Under the Stock Plan, any award recipient who breaches his or her non-competition, non-interference, non-solicitation or confidentiality obligations to the Company may be obligated, subject to the Committee’s sole discretion, to return to the Company the “Economic Value” of any award that was realized or obtained by the recipient at any time during the six-month period prior to the date the recipient’s employment with the Company terminated. Additionally, the Committee may annul any award granted under the Stock Plan if the recipient’s employment is terminated for cause and, in such event, the Committee may, in its sole discretion, require the recipient to return to the Company the “Economic Value” of any award that was realized or obtained by the recipient at any time during the six-month period prior to the date the recipient’s employment with the Company terminated.

Other Compensation

Severance and Change in Control Agreements — Each of the Named Executive Officers has entered into an Employment Agreement that provides for payment under specified conditions after a change in control of the Company or upon the executive’s termination under certain circumstances, as described in detail under “Executive Compensation — Potential Payments Upon Termination or Change-In-Control.” In exchange for the receipt of the termination benefits provided for under the Employment Agreements, the Named Executive Officers are required to execute and deliver a general release of all claims in favor of the Company. The Company enters into these agreements to ensure that the Named Executive Officers continue to act in the best interests of the Company’s stockholders in the event of a prospective or actual change in control and to serve as an added executive retention feature.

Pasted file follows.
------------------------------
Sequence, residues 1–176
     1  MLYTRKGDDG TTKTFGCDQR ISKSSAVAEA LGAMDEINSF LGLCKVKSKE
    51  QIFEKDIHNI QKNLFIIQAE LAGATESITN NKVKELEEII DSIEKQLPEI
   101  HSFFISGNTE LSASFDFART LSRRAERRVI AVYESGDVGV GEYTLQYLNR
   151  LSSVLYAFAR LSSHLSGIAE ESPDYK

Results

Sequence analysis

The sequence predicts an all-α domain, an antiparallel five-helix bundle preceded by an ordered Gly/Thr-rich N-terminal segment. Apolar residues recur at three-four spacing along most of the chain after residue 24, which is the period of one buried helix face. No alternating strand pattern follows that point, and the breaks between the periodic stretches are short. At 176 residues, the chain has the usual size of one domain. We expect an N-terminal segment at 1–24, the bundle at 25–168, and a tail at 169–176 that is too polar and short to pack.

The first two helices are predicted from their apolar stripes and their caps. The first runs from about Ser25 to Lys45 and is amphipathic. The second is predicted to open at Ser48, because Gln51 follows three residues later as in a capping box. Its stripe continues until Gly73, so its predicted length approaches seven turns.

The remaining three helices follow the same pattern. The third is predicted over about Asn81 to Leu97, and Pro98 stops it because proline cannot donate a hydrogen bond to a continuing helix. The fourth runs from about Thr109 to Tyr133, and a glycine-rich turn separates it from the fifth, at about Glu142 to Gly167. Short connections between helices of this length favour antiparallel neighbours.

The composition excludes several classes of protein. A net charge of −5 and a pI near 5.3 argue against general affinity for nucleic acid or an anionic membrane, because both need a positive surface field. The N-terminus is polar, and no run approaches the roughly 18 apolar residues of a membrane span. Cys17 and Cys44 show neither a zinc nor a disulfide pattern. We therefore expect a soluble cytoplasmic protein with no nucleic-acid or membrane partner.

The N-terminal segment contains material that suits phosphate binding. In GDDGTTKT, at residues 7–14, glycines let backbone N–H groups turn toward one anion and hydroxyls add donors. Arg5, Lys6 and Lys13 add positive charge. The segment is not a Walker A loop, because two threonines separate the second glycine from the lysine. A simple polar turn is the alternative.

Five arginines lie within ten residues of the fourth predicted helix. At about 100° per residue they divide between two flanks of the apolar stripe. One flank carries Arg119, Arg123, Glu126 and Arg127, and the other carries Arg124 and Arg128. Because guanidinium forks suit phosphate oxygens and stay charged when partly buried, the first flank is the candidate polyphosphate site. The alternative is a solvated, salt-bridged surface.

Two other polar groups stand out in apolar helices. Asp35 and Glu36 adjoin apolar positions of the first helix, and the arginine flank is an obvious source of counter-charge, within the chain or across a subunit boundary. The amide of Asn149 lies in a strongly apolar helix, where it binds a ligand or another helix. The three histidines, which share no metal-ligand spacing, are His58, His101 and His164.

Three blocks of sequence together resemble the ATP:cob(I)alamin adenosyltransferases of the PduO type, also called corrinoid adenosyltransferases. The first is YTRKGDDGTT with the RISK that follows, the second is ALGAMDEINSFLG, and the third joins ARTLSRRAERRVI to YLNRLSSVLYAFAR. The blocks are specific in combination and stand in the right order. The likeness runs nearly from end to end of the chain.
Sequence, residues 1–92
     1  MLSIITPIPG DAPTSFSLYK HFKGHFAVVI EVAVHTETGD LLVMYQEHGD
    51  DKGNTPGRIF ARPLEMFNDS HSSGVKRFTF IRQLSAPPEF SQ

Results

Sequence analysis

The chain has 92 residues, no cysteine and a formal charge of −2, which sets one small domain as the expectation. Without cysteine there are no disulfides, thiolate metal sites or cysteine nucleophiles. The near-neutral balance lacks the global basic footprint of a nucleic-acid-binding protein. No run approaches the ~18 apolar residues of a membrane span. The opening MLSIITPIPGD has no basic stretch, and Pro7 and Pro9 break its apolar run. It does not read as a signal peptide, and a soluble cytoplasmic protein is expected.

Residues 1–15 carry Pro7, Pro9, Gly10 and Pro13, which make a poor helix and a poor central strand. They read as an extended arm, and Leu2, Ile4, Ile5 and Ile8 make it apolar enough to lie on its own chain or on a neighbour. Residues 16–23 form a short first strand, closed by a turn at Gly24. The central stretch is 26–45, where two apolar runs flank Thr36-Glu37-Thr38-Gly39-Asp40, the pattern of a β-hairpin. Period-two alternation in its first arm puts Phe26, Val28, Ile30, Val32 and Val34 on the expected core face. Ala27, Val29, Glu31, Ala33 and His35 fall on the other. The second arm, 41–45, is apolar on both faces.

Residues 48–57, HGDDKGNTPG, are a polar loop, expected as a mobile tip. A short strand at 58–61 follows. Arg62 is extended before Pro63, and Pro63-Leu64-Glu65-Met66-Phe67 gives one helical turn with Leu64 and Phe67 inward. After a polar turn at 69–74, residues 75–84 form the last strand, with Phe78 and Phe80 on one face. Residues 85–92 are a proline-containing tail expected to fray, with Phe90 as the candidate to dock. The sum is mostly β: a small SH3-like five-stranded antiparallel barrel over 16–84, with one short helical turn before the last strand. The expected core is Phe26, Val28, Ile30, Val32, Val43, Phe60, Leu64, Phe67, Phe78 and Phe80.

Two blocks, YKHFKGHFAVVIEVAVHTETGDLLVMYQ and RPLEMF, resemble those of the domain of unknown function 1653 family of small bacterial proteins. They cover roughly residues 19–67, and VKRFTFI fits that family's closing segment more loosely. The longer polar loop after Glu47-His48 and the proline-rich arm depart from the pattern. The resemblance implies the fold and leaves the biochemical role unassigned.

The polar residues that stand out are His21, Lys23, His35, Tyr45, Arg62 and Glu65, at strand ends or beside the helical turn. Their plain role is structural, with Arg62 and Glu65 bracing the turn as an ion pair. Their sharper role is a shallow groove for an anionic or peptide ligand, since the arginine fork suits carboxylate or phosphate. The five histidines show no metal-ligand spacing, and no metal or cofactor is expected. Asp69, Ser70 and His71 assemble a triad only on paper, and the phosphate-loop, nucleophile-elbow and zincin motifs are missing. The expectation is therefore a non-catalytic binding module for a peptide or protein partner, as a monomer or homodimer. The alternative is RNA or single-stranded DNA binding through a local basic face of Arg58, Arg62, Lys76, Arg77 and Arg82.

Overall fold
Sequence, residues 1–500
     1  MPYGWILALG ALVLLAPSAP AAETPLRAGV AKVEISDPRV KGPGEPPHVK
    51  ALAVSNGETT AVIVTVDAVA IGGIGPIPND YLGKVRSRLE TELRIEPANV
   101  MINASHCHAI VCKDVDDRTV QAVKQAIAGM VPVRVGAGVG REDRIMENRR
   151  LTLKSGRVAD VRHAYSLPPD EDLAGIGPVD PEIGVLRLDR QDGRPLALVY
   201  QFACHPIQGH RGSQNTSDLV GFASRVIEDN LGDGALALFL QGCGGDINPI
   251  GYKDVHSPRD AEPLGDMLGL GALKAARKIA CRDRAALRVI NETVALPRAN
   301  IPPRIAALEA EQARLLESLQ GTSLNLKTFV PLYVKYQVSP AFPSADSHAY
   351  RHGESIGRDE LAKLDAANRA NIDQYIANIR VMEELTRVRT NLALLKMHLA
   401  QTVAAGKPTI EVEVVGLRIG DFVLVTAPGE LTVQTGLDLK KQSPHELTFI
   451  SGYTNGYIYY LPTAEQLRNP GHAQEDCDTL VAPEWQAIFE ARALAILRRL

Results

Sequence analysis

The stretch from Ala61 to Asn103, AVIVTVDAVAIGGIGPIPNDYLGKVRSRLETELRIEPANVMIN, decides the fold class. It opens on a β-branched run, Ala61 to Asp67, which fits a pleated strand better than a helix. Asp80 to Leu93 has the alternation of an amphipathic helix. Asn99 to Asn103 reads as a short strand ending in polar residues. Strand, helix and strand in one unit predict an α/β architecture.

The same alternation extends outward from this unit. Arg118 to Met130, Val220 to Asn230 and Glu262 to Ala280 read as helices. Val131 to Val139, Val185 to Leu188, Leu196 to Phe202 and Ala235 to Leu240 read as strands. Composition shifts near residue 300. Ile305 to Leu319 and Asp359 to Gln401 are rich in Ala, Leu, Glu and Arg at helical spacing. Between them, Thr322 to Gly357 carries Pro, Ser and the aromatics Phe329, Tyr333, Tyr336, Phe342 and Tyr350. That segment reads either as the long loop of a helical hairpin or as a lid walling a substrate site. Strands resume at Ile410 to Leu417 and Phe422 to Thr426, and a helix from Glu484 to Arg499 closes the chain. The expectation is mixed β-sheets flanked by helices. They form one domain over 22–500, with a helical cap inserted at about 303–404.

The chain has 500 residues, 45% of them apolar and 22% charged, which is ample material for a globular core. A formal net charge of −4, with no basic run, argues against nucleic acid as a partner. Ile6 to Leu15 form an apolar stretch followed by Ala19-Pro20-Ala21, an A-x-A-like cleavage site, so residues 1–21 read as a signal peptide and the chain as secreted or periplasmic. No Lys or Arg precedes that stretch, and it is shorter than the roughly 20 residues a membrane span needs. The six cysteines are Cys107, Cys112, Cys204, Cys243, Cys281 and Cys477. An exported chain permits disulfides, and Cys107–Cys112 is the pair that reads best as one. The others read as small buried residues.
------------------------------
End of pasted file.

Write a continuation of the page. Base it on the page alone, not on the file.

Perquisites — The Company provides limited perquisites to Named Executive Officers. All of the Named Executive Officers are eligible to the same extent as all other non-union Lydall employees to participate in the Company’s medical and dental insurance and Company match to the 401(k) and employee stock purchase plans. The attributed costs of the personal benefits for the Named Executive Officers are included in “All Other Compensation” column of the Summary Compensation Table below.

All Named Executive Officers, other than Mr. Ferris, are currently covered under an Executive Life Program and an Executive Disability Insurance Program up to the applicable insurable limits. The programs provide for life insurance benefits at four times base salary for the Chief Executive Officer and three times base salary for the other Named Executive Officers, and annual executive disability proceeds at a target level of 100% of a named executive officer’s base salary, in each case up to applicable insurance limits. The full amount of the premiums paid by the Company for these benefits is reflected in the “All Other Compensation” column of the Summary Compensation Table below. If a Named Executive Officer had died or had become disabled on December 31, 2009, the Named Executive Officer would have been eligible for the benefits set forth in the table below: